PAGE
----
After decades of activism for immigration reform (the genuine variety), our side has made little progress in a key area. This is our general lack of moral outrage in making our case. Most certainly we have a lot to be outraged about, most specifically the ongoing sacrifice of traditional America to propitiate the false gods of multiculturalism and diversity. But sadly, we have trouble expressing our righteous indignation. And this truly is a problem in a country where moral concerns and emotion typically carry a great deal of weight.
The biggest reason for our moral timidity is intimidation. One way to describe it is the Wizard of Oz effect. A memorable scene in cinema was when Dorothy and her companions recoiled in awe and terror when the huge smoke-shrouded visage of the Wizard thundered “I am the mighty Oz!” But their dismay quickly subsided after their little dog Toto pulled back a curtain to reveal that the “wizard” was just a fraudulent little man pulling levers and blowing smoke.
Similarly, true immigration reformers often feel overawed by our opponents, who proclaim that they are mighty and moral. Vastly amplifying the power and spectacle of their message is a corporate mass media almost totally supportive of mass immigration. Adding to the intimidation is the elite social status of many immigration advocates. With their money and position, they can avoid the diversity they wish on others. Our opponents fall into several distinct categories, with some overlap from one to another.
Globalists: Many elite Americans are what the late Harvard historian Samuel Huntington called “transnationals,” people who have little if any allegiance to their native land. In his book, Who Are We?, Huntington observes, that “Less than four percent of the American people, these transnationals have little need for national loyalty, view national boundaries as obstacles that thankfully are vanishing, and see national governments as residues of the past whose only useful function now is to facilitate the elite’s global operations.”1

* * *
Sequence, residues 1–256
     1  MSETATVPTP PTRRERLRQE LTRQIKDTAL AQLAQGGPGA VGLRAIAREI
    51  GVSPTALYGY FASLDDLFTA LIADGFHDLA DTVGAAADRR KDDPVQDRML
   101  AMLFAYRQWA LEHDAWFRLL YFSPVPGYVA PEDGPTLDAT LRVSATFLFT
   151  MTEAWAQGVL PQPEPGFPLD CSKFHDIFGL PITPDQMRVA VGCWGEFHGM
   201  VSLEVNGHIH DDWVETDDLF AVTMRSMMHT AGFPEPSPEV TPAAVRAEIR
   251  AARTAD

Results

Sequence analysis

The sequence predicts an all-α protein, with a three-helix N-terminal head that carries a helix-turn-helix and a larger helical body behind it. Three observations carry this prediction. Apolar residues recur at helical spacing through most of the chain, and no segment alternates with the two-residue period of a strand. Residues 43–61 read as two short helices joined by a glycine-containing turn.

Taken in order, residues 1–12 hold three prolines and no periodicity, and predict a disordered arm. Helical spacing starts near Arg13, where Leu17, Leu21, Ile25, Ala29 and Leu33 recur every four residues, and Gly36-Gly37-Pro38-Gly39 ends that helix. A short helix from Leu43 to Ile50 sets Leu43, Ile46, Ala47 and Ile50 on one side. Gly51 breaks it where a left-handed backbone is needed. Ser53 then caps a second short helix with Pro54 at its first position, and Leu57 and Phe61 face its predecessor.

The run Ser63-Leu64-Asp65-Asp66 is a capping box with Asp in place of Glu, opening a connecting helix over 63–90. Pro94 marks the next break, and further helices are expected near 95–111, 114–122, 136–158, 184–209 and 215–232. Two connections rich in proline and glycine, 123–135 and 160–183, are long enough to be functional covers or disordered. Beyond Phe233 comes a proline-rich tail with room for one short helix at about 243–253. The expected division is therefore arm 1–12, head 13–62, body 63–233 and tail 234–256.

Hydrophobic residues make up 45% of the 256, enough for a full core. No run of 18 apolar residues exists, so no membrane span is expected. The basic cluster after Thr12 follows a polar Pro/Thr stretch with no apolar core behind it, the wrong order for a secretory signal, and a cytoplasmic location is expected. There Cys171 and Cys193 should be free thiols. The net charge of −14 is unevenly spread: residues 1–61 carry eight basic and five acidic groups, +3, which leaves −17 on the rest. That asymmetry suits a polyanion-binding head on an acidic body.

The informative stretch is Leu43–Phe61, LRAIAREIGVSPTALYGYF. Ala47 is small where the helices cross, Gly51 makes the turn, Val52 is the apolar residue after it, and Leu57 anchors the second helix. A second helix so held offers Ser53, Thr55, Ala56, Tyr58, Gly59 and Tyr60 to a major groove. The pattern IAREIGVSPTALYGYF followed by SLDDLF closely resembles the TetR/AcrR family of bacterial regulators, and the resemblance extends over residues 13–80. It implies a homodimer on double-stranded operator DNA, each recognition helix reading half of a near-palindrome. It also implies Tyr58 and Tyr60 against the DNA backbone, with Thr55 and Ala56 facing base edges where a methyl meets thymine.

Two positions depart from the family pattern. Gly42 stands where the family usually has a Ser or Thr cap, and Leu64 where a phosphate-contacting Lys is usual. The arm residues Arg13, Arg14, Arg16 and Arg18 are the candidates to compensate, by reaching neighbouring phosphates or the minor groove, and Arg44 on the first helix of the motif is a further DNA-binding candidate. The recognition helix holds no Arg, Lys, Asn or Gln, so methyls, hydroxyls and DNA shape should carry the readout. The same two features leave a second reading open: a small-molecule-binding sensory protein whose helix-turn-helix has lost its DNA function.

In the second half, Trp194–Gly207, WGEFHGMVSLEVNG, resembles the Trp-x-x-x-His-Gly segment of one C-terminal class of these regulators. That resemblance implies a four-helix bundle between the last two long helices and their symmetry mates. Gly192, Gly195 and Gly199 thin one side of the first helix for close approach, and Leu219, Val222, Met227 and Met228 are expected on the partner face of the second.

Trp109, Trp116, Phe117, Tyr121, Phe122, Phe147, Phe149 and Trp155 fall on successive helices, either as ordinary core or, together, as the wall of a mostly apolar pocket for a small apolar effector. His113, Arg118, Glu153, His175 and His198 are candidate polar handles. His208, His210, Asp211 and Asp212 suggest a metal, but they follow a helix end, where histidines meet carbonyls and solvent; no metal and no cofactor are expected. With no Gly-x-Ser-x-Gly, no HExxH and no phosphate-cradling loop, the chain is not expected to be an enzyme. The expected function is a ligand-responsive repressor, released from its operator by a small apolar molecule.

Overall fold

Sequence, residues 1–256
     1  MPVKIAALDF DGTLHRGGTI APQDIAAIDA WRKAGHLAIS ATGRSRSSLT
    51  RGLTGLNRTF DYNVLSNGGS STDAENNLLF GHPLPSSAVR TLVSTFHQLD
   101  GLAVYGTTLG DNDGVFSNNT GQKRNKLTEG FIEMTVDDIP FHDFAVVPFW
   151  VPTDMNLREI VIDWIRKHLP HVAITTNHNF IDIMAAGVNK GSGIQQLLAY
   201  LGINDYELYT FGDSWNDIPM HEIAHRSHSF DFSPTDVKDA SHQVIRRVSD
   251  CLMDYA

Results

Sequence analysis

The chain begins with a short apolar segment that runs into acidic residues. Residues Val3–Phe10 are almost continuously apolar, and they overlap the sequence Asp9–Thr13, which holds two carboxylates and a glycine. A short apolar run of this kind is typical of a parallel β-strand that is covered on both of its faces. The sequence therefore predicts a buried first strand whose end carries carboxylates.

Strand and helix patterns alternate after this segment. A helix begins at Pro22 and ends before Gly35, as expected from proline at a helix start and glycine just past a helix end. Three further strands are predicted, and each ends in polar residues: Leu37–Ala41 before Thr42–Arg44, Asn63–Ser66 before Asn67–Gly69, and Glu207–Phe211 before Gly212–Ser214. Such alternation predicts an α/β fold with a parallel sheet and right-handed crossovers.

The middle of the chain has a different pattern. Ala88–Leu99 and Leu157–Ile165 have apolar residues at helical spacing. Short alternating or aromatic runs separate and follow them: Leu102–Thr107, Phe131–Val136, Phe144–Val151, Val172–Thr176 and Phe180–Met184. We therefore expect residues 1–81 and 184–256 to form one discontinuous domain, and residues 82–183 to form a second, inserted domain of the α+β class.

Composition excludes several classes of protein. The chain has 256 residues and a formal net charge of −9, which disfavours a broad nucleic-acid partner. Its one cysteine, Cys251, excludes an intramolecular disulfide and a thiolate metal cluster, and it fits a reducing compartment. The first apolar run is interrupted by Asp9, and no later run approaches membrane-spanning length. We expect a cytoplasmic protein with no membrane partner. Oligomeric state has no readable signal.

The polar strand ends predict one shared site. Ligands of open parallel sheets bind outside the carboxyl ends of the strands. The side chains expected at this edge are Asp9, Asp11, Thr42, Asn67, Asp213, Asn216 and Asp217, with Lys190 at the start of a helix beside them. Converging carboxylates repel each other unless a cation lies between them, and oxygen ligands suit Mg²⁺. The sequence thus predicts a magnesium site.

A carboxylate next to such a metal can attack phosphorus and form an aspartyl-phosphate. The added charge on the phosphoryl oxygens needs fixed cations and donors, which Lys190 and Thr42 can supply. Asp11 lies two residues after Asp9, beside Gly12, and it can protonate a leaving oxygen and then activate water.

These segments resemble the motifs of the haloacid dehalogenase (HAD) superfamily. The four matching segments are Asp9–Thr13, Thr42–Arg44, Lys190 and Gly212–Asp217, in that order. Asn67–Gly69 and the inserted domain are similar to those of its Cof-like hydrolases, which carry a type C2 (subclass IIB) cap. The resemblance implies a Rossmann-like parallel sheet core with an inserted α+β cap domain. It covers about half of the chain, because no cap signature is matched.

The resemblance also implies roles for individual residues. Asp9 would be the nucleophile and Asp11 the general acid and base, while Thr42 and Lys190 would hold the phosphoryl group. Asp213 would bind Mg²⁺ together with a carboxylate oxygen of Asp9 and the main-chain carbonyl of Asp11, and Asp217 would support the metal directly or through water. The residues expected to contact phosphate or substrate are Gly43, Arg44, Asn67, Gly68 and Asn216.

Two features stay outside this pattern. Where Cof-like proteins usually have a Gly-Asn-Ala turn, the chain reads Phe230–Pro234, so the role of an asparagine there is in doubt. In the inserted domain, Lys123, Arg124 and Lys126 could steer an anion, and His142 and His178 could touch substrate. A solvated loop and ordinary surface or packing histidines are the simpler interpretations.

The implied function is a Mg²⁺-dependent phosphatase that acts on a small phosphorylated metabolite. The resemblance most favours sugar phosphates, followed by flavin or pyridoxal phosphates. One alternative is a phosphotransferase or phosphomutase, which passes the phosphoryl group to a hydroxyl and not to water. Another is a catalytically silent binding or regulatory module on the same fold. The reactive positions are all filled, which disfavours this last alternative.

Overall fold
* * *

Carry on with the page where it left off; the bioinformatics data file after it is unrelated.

Unrestricted migration is a key tenet of the globalist faith, and no one promotes it more zealously than multi-billionaire currency speculator George Soros. This naturalized American makes no secret of his high self-regard, and once proclaimed that “I’m larger than life. Invisible, benevolent, all seeing. The world very much needs a conscience. I want my foundation network to be the conscience of the world.”2 As with many globalists, his notion of “conscience” bears little empathy for the hopes and dreams of ordinary citizens who want to preserve the character and heritage of their homelands.
Leftists: The far left has always viewed mass immigration as a means to destabilize American society as a prelude for advancing revolutionary change. William Hawkins’ book Importing Revolution ably exposed the networks of the left devoted to this strategy.3 Radical leftists in their “politically correct” incarnation despise traditional America and see immigration as an effective way to destroy it. They typically divert attention from their malice by accusing their opponents of “hate.”
Moderate leftists may not share this antagonism, but many of them too see advantage from mass immigration, specifically as outlined by top Democratic Party strategist Robert Creamer. In his book, How Progressives Can Win, Creamer explicitly proposes to use immigrants, including amnestied illegal aliens, to build a powerful pro-democratic voting bloc.4 In effect, he advocates importing a new electorate to displace native-born American voters.
Supremacists: Typically these are Hispanic activists who aim to build the ethnic clout of their group at the expense of other Americans. By undermining immigration law enforcement, they affirm in true supremacist fashion that the law should constrain some people but not them. Ironically, they style themselves as “civil rights” advocates. Even so, it’s hard to keep the lid on their real agenda. One of their prominent groups is the National Council of La Raza. That last word means “the Race.”
A prominent Latino supremacist is Jorge Ramos, an anchor for the Spanish-language network Univision and the author of The Latino Wave.5 In that book Ramos states that Hispanic immigrants need not assimilate to American cultural norms but should forge a common Latino identity. Some have described the book as a “Latino Mein Kampf.” It contains such supremacist gems as “while no fighting is taking place on the military or legal fronts, there is fighting going on culturally. It’s the Reconquest. Latinos are culturally reconquering lands that once were part of the Spanish empire....” Borrowing a page from the leftists, Ramos also practices projection by calling his opponents “racists.”